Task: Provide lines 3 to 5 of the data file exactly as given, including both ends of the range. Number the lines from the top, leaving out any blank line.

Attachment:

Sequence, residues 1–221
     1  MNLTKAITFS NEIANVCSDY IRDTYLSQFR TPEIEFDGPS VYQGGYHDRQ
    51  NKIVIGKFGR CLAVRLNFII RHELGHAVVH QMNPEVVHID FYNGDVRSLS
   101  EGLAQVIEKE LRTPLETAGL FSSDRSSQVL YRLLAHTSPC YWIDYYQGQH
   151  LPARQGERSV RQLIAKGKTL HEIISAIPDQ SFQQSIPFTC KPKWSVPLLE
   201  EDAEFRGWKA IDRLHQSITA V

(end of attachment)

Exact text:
    51  NKIVIGKFGR CLAVRLNFII RHELGHAVVH QMNPEVVHID FYNGDVRSLS
   101  EGLAQVIEKE LRTPLETAGL FSSDRSSQVL YRLLAHTSPC YWIDYYQGQH
   151  LPARQGERSV RQLIAKGKTL HEIISAIPDQ SFQQSIPFTC KPKWSVPLLE